Different people will give different answers to these questions, in part because of variation in their personality. Typically people are asked whether a certain behaviour, or like or dislike, is present or absent in them; or else asked to rate its strength. Multiple such questions can be analysed and averaged to yield a few personality ‘traits’ which cluster together.


The exact number of these traits used by psychologists depends on the purpose of the personality evaluation. The number can be as few as one general master trait (e.g. pro-social versus anti-social – see below), or dozens of specific traits such as aggression, or courage – but usually, for convenience, the number of traits used for describing personality have been something between about two and five. 



Although we will be suggesting revisions and improvements to the scheme, many psychologists currently suggest that personality can best be understood in terms of five essential personality characteristics: these are the 'Big 5’, which each make a scale between extremes separated by a dash:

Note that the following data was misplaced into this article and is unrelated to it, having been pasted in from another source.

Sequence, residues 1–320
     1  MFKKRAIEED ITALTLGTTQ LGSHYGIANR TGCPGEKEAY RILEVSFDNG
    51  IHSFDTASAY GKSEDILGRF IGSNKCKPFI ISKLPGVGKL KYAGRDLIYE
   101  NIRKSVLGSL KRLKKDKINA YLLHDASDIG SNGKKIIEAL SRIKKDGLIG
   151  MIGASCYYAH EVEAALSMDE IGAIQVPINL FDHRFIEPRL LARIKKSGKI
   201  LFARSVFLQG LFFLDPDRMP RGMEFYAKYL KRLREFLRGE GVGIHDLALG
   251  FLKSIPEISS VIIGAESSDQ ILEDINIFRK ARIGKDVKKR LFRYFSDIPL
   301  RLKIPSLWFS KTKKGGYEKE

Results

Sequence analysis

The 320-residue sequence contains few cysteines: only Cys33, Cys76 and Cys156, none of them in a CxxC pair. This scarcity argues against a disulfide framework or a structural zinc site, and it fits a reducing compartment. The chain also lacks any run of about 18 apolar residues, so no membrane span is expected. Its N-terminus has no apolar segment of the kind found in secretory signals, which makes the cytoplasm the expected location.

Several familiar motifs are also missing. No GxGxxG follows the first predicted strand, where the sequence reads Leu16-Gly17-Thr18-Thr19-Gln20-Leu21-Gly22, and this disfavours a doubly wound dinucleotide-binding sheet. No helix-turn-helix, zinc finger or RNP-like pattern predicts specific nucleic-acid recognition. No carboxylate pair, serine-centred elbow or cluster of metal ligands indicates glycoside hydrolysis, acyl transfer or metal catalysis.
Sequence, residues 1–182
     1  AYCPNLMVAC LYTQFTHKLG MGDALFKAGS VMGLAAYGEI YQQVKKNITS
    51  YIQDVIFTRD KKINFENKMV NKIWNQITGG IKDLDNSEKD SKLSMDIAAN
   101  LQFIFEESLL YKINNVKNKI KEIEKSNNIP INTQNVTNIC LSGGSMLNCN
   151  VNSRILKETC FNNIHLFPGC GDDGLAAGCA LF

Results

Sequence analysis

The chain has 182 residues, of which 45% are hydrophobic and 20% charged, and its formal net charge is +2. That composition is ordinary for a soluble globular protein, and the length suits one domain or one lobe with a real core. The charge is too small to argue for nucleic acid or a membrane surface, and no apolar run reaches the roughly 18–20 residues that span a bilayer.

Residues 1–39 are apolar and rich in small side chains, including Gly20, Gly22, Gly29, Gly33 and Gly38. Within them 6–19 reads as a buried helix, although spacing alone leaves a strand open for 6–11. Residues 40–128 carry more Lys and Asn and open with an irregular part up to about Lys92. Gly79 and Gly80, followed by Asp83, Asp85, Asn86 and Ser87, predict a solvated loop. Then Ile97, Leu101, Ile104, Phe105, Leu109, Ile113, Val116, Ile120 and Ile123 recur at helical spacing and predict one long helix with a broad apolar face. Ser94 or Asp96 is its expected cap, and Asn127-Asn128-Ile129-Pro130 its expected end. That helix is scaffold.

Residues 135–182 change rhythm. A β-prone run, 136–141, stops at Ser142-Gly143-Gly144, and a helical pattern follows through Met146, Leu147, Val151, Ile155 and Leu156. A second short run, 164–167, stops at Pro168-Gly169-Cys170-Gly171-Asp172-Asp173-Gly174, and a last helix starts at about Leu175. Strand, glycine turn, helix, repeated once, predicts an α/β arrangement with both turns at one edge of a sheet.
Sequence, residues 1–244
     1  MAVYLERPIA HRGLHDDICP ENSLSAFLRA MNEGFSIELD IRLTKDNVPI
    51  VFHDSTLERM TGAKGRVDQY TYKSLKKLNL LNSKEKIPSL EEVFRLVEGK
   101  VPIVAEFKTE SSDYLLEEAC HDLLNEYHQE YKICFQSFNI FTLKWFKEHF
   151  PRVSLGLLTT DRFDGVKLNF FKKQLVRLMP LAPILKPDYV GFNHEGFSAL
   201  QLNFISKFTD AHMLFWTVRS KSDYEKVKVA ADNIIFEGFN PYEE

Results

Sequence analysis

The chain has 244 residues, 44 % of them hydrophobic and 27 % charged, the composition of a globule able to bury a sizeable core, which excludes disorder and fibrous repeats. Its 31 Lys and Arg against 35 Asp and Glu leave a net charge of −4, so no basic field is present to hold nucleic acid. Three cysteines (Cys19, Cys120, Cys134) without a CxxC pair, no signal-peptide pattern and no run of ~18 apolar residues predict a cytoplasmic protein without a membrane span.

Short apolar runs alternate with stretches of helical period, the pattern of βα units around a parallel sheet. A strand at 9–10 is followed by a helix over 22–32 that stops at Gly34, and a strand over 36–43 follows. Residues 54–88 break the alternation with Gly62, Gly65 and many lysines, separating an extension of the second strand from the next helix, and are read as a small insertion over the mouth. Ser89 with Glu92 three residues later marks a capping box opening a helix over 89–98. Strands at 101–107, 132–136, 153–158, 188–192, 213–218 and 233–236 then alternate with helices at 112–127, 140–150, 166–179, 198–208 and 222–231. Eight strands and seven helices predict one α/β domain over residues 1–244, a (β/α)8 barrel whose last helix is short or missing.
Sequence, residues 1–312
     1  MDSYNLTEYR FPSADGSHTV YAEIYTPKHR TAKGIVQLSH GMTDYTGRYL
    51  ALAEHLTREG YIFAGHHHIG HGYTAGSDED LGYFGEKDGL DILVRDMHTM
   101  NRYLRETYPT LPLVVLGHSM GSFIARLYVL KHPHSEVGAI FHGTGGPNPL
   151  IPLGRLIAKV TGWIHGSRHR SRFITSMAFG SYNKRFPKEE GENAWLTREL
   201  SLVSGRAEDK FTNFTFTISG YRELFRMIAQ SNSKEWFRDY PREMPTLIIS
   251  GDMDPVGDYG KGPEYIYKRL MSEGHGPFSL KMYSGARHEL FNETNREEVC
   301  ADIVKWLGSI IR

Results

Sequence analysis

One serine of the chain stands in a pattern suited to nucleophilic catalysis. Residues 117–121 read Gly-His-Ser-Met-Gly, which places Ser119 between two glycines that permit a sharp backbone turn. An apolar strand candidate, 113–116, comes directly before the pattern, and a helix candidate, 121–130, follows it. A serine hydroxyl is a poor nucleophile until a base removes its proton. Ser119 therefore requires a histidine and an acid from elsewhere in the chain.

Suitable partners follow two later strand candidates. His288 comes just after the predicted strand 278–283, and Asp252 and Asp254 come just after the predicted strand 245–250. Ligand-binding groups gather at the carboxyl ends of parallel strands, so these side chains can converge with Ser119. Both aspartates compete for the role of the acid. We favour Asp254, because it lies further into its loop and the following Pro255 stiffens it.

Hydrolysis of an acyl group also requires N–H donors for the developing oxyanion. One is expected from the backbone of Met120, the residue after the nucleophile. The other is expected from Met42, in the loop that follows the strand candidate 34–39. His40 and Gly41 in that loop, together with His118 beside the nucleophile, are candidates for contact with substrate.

(1) Extraversion - Introversion: Experiencing positive feelings strongly.

(2) Neuroticism - Emotional Stability: Experiencing negative feelings strongly.

(3) Conscientiousness - Impulsiveness: Impulse control and a need to follow rules.

(4) Agreeableness/ Empathizing - Indifference to other people: Altruism; empathy for others.

(5) Openness-Intellect - Aversion to change/ intellectual conservatism: Intellectual curiosity, creativity, hypnotisability, unusual psychological experiences. This weakly correlates with intelligence, as it is measuring some of the same things.


These are (except for Openness-Intellect) independent of IQ scores (at least within normal IQ ranges); and our placing on them predicts how we behave. For example, high Conscientiousness as a child predicts greater education and employment success; high Neuroticism predicts problems with mood swings, anxiety and depression. High Openness-Intellect will result in being an impractical, though perhaps artistic or spiritual, dreamer. A moderately high score, however, is a predictor of artistic success – or at least, on some measures of artistic success that focus on the production of novelty (although, we will argue, not to genius).[1]